Katy Hart Bio

IMG_1833.JPGWith a hot cup of coffee between her hands and the clanging of a coffee shop in the background, Katy tells me about her life. She struggles to find what she considers to be a significant event or point in her life that she deems important enough to write about. She comes up short, there is no one significant event or point. We meet up again a few days later, and after several hours of sitting and chatting with Katy, I have found that there is not one significant event worth writing about. She is the significant thing worth writing about.

Katy Hart was born on December 22, 1991 in Big Rapids, Michigan to, then single mother to 8 and 18 year old daughters, Susan Hart. Susan had been separated from her husband for seven years and was in the process of completing the divorce when she became pregnant with Katy. Unfortunately Katy’s parents weren’t able to work out their relationship and so Susan became the single mother of three girls. Katy’s two sisters, Tiffany, 40, and Donielle, 30, were like two extra moms grown up, and Tiffany had a daughter in 1997. Being the baby in the family and also shouldering the role of aunt was difficult for her. The sibling rivalry that would have existed between her and her sisters, had they been closer in age, took hold between her and her niece. The additional challenge to this relationship was that Katy’s mother expected her to also behave as an aunt and therefore be the bigger person. Much fighting took place as the aunt and niece tried to find their places in each other’s lives as well as in their family. Katy’s family hails from Michigan originally. Her mother moved her and her sisters between Oklahoma and Michigan several times throughout her childhood finally settling in Okeene, Oklahoma to be closer to Katy’s sister, Tiffany, and her sister’s children.

Rodeo is a large and important part of her family’s life, and Katy developed a passion for it early on. In 1955, the year her mother was born, Katy’s grandfather opened Buckin E. Rodeo Company, a traveling rodeo. The rodeo would travel all along the north east, going up in open fields like a circus ring, and the entire family would help out and get involved. Katy had her own jobs to do even at a young age. She worked back stage and helped set up when they would reach a new stop. When she got old enough, around the age of 7, she started to compete in the junior rodeo. She participated in events such as barrel racing, poll bending, and goat tying.  In 2001, Katy was bucket by a horse and fell. Though she wasn’t hurt, she still developed a fear of riding that lasted for five years. During those years she still helped the family business by selling spinning ropes and t-shirts to audience members in the stands. It was then that she realized that she was good at selling things; it came naturally to her. In 2006 Katy finally decided to put her fears aside after feeding a rodeo bull and get back on the horse.  The first year she back she won two saddles and two buckles despite the 5 year lapse. She also competed in rodeo pageants and sold tickets for them as part of the pageant participation.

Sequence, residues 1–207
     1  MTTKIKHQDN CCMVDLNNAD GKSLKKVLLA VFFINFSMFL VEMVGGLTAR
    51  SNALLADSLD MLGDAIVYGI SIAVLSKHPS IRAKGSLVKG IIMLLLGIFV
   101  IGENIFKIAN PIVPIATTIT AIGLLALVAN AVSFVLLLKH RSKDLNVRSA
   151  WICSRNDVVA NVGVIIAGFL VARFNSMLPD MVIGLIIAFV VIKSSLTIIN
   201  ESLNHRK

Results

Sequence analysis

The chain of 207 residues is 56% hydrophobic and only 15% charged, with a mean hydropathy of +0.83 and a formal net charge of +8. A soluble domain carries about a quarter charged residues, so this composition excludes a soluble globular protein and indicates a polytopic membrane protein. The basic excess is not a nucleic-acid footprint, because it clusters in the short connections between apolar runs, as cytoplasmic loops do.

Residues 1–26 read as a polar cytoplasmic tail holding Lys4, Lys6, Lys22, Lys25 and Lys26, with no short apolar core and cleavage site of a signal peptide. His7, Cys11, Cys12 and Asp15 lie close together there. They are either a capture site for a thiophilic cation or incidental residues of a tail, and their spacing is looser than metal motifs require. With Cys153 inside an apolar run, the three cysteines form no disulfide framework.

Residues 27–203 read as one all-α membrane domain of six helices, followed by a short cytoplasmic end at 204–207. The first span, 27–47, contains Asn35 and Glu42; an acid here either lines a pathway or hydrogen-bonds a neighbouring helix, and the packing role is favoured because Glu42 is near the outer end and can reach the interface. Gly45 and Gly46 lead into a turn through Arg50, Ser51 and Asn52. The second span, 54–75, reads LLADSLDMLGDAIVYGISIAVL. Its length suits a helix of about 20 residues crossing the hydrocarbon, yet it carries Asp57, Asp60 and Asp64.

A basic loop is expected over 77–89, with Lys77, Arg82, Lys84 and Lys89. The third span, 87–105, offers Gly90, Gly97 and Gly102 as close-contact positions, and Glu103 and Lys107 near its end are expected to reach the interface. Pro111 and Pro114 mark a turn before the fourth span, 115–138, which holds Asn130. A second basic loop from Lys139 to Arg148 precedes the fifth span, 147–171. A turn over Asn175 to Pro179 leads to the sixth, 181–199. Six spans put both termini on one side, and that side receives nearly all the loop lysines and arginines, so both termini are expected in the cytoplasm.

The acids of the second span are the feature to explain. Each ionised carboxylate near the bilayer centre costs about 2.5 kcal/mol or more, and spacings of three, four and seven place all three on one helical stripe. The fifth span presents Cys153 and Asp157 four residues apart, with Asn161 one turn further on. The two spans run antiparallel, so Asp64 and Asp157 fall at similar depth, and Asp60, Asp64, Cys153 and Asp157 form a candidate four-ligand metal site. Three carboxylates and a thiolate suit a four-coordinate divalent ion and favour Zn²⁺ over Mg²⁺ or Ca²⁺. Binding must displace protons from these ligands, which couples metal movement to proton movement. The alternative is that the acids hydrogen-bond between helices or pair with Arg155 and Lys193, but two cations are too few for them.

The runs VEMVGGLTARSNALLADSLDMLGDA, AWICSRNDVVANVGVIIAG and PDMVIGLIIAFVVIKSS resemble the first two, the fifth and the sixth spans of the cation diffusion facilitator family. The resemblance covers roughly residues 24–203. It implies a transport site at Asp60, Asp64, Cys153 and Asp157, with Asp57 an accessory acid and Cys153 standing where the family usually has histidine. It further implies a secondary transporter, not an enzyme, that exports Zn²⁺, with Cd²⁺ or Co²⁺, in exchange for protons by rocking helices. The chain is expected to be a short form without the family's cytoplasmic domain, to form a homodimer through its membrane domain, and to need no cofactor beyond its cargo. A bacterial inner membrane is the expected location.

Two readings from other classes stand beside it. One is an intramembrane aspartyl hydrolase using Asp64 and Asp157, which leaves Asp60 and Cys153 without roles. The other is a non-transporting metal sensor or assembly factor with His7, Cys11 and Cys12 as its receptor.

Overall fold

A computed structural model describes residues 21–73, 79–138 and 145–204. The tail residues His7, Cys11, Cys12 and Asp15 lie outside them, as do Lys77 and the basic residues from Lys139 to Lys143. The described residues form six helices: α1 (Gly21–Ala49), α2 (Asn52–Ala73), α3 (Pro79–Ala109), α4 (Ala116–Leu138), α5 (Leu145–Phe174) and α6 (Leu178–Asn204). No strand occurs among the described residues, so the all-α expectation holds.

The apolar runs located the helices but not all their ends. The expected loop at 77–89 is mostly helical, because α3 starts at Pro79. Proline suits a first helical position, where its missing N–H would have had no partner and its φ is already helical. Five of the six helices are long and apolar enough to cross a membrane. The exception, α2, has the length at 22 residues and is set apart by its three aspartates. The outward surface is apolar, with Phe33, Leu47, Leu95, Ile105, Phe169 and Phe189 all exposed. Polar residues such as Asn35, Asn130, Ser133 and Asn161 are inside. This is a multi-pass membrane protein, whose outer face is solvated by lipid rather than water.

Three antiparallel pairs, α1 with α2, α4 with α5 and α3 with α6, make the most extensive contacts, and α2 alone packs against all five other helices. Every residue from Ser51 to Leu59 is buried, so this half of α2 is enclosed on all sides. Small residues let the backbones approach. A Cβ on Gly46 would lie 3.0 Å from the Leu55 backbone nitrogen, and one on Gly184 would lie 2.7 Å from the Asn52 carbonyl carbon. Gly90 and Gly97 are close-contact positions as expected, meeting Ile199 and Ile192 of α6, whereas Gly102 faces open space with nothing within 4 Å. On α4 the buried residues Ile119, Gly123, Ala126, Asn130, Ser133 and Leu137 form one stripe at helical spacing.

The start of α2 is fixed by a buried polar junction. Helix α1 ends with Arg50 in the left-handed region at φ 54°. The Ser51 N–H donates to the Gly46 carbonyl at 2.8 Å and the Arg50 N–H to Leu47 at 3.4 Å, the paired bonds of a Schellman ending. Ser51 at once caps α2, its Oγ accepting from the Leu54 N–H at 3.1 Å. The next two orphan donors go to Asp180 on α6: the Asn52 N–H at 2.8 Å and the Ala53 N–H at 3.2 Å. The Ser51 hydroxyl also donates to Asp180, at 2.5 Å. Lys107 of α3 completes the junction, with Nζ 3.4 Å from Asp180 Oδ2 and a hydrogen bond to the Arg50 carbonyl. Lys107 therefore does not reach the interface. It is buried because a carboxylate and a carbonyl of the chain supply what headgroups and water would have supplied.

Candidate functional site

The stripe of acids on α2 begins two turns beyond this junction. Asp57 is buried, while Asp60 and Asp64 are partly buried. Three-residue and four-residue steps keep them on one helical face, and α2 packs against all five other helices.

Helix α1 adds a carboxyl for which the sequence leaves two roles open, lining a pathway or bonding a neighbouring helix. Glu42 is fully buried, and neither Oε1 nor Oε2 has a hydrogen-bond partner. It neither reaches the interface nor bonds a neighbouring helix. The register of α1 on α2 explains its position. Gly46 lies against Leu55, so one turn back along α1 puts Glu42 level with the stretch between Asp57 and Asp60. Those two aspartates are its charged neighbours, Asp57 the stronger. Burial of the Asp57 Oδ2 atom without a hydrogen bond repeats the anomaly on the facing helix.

In high school Katy participated in a rodeo club on the weekends. She shared her cousin’s horses since they went to some of the same rodeos. She graduated in 2011 from Okeen High School. After graduation she moved to Alva, Oklahoma to attend Northwestern Oklahoma State University, which is a rodeo college. NWOSU has one of the largest college rodeo teams in the state with 120 member, or which 70 compete. She was not able to continue using her cousin’s horses since she was now an hour away from her family and her cousin’s high school rodeos were on the same weekends as her college rodeos. Fortunately, a friend with whom Katy had competed with for years let her use her horses, though it did cause some conflict if Katy had better times or if the horses did better for her in a competition. Aside from rodeo, NWOSU was not providing her the fulfilling academic experience she was craving. With the school going through a staffing changes and teachers she had worked with for two years leaving, she was left with teachers that didn’t teach their subjects well. She was ready to excel past what the school was able to provide.

Katy was dating her current boyfriend, Thomas Foster, who had moved to Russellville to live with his family and is from Russellville. They broke up briefly after his initial move, but reconciled after just a few months. He asked her to move to Russellville also. There were a few factors that helped her make the brave decision to move. First, her family had moved to Alva shortly after she had but then moved to Stillwater, Oklahoma and were now three hours away from her. Russellville is also a three hour drive from Stillwater. Second, her school was failing to meet her needs academically and she wanted to find a better college. And, thirdly, her boyfriend had already moved. These three things made her decision easy. The main down side to moving for her is having to make up the hours that didn’t transfer from NWOSU. She is a junior but this is her fourth year in college. Though it is scary to move somewhere when you don’t hardly know anyone is scary. Moving was a brave decision, and one that will hopefully better Katy’s life and help her reach her goals.

No, there is not just one defining moment or event that is significant about Katy Hart. She is significant. By learning from her life experiences and struggles and refusing to be held back, she has enabled herself to think with a level head and make good choices while looking at the bigger picture. I know that Katy will reach her potential in her degree in public relations. She deserves to do well.



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